What can I do to protect my business trade secrets?

| May 5, 2017 | Trade Secrets

One challenge of running a business is knowing whether or not it’s right to pursue a particular strategy. In the area of intellectual property, California law provides protections for a wide array of things making it hard sometimes to identify how to categorize an asset. Is it a trade secret? Maybe it’s something that needs patenting. What’s the best way to protect a company’s asset value?

What constitutes a trade secret can vary. Generally speaking, a trade secret is any confidential information that gives you a competitive edge in your market. It might be an unpatented invention or process, a prototype design, or any non-public documents that contribute to your operation’s success.

What to do

It’s important to know that trade secret law is not the same as patent law. Obtaining a patent provides protection for certain unique things for a certain amount of time. A trade secret can be forever, if you succeed in keeping it secret. Here are some steps to consider:

  1. Identify that it’s a secret and worth keeping. If the information in question is already out there, it’s not a secret. Even if it is secure, it might not have potential value for the future.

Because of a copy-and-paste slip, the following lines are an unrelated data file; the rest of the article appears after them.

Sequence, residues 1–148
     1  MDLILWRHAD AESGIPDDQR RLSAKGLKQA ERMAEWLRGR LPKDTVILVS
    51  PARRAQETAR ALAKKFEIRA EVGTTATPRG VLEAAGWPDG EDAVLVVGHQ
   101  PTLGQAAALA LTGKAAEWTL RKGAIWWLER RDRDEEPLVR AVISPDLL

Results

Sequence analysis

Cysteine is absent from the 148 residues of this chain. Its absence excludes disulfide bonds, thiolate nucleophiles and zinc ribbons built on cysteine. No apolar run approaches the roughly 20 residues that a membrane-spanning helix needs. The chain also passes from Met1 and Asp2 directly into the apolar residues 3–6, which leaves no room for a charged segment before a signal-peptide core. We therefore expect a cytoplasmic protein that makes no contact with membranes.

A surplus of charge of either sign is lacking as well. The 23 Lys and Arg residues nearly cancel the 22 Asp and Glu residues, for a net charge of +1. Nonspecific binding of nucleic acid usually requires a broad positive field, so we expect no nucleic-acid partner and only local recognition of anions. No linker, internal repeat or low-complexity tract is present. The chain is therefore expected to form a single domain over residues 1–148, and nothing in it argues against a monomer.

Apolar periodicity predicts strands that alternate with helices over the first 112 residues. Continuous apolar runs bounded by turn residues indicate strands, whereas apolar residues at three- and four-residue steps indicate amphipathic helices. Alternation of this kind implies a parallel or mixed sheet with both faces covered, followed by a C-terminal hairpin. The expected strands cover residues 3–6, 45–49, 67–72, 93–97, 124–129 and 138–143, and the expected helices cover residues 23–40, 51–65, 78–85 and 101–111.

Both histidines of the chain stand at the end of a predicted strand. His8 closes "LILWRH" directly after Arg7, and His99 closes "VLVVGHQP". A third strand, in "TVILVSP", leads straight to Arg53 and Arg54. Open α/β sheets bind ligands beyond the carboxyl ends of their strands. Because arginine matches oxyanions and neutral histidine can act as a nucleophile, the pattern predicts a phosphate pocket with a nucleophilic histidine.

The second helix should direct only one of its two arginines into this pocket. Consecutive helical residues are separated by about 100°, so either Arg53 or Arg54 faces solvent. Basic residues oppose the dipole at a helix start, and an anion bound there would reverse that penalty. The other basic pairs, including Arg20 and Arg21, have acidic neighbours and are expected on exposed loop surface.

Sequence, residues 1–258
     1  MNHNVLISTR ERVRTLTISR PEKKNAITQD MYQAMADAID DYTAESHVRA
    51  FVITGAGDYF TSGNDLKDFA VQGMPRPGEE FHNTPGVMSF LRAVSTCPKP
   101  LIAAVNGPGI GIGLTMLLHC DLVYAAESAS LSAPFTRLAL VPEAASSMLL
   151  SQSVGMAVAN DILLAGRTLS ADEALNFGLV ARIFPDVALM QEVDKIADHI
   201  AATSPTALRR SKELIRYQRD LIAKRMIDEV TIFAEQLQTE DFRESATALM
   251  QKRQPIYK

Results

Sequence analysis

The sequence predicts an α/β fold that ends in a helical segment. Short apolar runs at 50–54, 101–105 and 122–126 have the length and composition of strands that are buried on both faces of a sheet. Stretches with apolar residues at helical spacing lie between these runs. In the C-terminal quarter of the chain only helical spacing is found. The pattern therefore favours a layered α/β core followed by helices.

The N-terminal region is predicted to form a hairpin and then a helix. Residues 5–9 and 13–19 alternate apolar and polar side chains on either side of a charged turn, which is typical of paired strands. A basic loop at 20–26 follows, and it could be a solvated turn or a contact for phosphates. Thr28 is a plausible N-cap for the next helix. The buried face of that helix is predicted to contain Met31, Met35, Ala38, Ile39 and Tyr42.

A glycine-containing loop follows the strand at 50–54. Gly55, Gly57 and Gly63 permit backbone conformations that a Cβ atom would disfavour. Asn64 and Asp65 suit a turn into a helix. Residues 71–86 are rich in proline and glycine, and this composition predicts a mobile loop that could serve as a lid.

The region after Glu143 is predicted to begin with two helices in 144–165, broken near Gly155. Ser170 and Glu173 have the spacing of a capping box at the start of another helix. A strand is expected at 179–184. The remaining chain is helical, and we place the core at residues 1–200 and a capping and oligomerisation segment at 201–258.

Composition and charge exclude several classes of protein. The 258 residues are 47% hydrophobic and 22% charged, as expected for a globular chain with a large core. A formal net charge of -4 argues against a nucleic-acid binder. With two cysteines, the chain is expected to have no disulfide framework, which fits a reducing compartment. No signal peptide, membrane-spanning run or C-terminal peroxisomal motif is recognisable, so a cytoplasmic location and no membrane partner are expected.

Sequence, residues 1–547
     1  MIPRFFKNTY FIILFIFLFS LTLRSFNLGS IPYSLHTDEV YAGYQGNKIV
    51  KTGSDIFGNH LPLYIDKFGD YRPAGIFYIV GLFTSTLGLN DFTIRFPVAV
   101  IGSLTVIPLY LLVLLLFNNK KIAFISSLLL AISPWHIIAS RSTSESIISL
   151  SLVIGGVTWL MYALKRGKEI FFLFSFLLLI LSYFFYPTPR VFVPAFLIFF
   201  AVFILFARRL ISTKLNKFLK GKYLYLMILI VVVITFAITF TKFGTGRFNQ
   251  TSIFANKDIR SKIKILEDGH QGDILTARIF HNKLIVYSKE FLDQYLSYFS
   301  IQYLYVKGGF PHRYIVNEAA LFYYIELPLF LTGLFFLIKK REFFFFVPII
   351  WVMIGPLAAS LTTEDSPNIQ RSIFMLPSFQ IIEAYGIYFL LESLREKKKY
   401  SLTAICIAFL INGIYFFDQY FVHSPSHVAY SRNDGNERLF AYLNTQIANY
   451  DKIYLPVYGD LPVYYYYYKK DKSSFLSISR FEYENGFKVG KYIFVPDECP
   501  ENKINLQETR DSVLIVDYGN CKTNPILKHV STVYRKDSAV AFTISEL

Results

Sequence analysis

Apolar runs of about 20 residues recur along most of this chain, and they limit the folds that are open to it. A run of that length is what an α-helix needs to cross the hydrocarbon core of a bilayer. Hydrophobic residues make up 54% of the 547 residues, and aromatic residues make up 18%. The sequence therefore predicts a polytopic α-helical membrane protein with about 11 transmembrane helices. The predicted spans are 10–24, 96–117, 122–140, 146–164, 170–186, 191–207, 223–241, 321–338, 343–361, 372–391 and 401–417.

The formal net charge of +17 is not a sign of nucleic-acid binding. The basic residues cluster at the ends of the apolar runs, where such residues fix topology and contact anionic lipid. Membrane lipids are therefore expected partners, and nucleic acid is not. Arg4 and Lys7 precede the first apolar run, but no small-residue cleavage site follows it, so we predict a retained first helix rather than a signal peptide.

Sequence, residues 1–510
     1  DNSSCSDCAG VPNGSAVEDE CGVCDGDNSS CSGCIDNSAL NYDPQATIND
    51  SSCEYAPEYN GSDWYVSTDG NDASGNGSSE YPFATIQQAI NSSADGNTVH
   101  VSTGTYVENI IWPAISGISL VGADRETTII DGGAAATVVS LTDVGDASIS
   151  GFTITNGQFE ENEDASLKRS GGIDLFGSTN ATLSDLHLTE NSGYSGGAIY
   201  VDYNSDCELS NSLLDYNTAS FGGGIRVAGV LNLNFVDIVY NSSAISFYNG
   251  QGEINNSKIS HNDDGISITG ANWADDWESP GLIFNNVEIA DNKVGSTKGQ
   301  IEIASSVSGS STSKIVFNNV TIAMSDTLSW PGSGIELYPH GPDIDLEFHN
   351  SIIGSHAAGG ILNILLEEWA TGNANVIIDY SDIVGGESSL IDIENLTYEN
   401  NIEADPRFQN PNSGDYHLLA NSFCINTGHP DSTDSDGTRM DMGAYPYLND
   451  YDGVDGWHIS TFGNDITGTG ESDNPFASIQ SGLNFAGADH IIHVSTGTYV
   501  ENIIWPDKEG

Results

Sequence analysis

1. Be sure your people know. A written policy provided to all employees is recommended. This tells workers how tell what is secret and can be useful in litigation if it comes to that. It should include monitoring to ensure compliance.
  1. Practice need to know. The more people who know a secret, the less likely it will be kept. Limit disclosure based on what an employee needs to do the job.
  1. Ensure standard practice identifying secret documents. It might sound somewhat NSA-ish, but if you lack a standard method for identifying what is confidential and who is responsible for it, damaging leaks could result.
  1. Physically isolate what’s most important. What this should cost and how much energy to expend depends on the size of the company, but restricting access can prevent secret theft and aid in tracking. And don’t forget to secure computers, too.
  1. Use confidentiality agreements. The time may come when you turn to third parties to leverage full value of secrets. Extreme care in allowing access through licenses or otherwise is always wise. A signed agreement reinforces that you are serious about protecting interests.

Of course, if in doubt, consult an attorney.